Sunday, February 21, 2010

The Recovery Model

Quiet.

I was just reading Kate K.'s blog entry about E. Fuller Torrey's book, Surviving Schizophrenia where he maintains: "The problem with the 'recovery model' is that it places unrealistic expectations on individuals and their families. If the person does not recover, then it must be because they are not trying hard enough."

He has connected two unrelated dots that are as far away from each other as Russia and Africa. Nobody working in the recovery movement would dare suggest somebody failed because they didn't try hard enough. He has a narrow view of the definition of recovery and assumes that most people don't recover when in fact long-term studies have proved up to 60 percent of the people diagnosed with schizophrenia recover fully or significantly improve.

Courtenay Harding's famous "Vermont study" tracked patients released from a state hospital in the 1950s up through the 1980s and most had no signs or symptoms of the illness they were diagnosed with. The anti-psychiatry contingent loves this study because a fair number of the participants stopped taking their medication and were able to function just fine.

E. Fuller Torrey is in no position to criticize a movement he will never be a part because he has no inside track on how it works.

You see: my definition of recovery encompasses multiple differing versions of how people live their lives. E. Fuller Torrey seems to buy into the myth that if you're not the CEO of a corporation you haven't recovered.

That's not how it works Fuller boy. Plenty of people can and do recover and it is by their own yardstick that they measure their success, not yours.

What part of the "help" in self-help does this guy not get?

Interesting: nowhere in my second book do I extol the power of positive thinking. I do mention that a healthy dose of ambition is not a sin. However nowhere do I presume to tell anyone they are not trying hard enough.

The esteemed Torrey forgets that when it comes to schizophrenia the severity of the illness is often determined by the luck of the draw. So it is possible that some people will not recover to the level that other people recover. Yet no one in the recovery movement itself would claim this was a personal failing.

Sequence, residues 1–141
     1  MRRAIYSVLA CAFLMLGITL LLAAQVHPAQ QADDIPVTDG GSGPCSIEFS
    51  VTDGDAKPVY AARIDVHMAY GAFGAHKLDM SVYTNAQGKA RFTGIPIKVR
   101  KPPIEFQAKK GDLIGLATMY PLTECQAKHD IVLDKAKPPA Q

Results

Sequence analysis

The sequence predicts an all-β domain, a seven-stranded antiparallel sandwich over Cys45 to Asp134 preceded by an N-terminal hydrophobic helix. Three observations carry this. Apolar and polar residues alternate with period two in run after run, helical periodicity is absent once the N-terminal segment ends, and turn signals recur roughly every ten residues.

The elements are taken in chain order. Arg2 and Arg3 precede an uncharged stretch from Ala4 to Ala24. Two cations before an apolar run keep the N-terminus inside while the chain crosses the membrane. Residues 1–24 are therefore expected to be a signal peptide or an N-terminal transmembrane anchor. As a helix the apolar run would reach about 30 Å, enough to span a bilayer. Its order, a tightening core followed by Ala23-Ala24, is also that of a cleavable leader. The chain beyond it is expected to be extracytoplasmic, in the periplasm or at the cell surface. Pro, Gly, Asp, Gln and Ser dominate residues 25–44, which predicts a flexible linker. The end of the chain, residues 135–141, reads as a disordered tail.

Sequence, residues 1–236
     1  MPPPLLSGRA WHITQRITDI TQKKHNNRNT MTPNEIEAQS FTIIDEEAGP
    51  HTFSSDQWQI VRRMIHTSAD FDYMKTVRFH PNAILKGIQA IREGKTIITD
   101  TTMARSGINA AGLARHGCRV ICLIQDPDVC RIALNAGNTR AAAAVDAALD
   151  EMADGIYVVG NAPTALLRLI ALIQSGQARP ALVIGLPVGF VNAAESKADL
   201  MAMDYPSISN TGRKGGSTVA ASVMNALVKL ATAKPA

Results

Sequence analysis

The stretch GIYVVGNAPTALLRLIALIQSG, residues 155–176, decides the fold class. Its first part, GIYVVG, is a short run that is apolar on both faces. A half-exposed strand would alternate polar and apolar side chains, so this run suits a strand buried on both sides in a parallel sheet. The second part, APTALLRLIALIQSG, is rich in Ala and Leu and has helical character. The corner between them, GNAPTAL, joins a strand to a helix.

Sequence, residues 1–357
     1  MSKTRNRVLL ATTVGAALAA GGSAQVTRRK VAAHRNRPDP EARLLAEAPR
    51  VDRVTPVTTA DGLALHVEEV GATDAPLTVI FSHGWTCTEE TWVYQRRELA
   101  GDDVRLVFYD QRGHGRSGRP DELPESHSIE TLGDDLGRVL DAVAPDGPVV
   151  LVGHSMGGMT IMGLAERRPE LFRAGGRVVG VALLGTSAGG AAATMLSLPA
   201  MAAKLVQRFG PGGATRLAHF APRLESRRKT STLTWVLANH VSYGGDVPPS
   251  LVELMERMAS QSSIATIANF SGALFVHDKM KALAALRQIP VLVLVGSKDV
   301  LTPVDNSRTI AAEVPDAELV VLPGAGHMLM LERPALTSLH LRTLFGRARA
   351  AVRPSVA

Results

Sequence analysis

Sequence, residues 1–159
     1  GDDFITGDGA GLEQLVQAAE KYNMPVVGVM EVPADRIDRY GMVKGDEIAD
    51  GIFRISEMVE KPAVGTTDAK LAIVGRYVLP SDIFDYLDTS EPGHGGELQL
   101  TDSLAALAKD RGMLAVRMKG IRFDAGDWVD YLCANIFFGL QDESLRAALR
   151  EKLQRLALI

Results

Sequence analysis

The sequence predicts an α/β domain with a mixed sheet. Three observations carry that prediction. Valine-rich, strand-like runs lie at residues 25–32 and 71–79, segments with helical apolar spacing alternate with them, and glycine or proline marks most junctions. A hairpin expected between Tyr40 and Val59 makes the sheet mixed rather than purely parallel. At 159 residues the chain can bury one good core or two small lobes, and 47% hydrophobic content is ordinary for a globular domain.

My book is aimed at the great number of people who want to recover and are capable of recovering.

I read the original Surviving Schizophrenia in 1987 after I came out of the hospital and was not impressed.

My Twitter says it all: Here's the playing field. Please join in.

E. Fuller Torrey does a great disservice with his reverse stigma: he is actually projecting onto other people his own belief that recovery is not possible. I always felt that if a line were drawn in the sand I would stand on the side of everyone who had been locked up regardless of their level of functioning. I see no difference between back wards patients and me except that I was on the lucky end of the luck of the draw. And I'm not proud that I recovered whereas a great number of people do not. I don't consider myself to be a special person either. I'm only grateful that God gave me a talent to use to help make the world a better place for people living with schizophrenia and other mental illnesses.

Torrey claims only 25 percent of the people diagnosed with schizophrenia completely recover which is another lie. Define completely. Define recovery. He paints things in broad brush strokes as if you're either institutionalized or some kind of wonder kid. The far more accurate picture is that most people live in the middle and there's no shame in that.

OK. I will stop. You understand. What I'm trying to say.

Now I will go sign off and wind down for the night.

Cheers.

1 comment:

Wanderer62 said...

Hi Chris,

I think what bothers me most is that Mr. E. Fuller Torrey and his book may be influencing those involved directly and indirectly with the illness to turn away from a belief that recovery is possible, even for those most severely affected.

Luckily, he is coming across some resistance according to the Wikipedia article on him, though NAMI is still too indebted to him.

I do think that because of the internet, more and more "consumers" are able to speak up and share their stories of recovery. There is nothing Mr. Torrey can do to stem the tide of this. He cannot control the internet. So his influence may not be as great as I think.

It is those that chronically remain in hospitals that really need to be reached with this message of hope.

Personally, though my psychosis was severe for approximately three years, I was only in a hospital for an overnight stay in 1998. I'm convinced that the reasons why I stayed out of the hospital had to do with the financial support of my family, early intervention (I went to see a therapist almost right away and my voices made me go to support groups though they were not related to psychotic disorders) and my own personal, creative spirit.
But, in truth, I was too isolated throughout all of it. A temporary hospital stay might have been beneficial to me as long as I could be released into my community and have access to transportation, mental health support groups, therapy, medication, food and shelter.

I need to do more research on this subject because I am quite ignorant about those that are considered too sick to live outside of a hospital. I confess that a part of me believes that with the right kind of support system in place, most people should be able to live outside the hospital, returning only when things get overwhelming from time to time.

Well, I've gone on long enough,

Thanks for this blog entry and take care,

Kate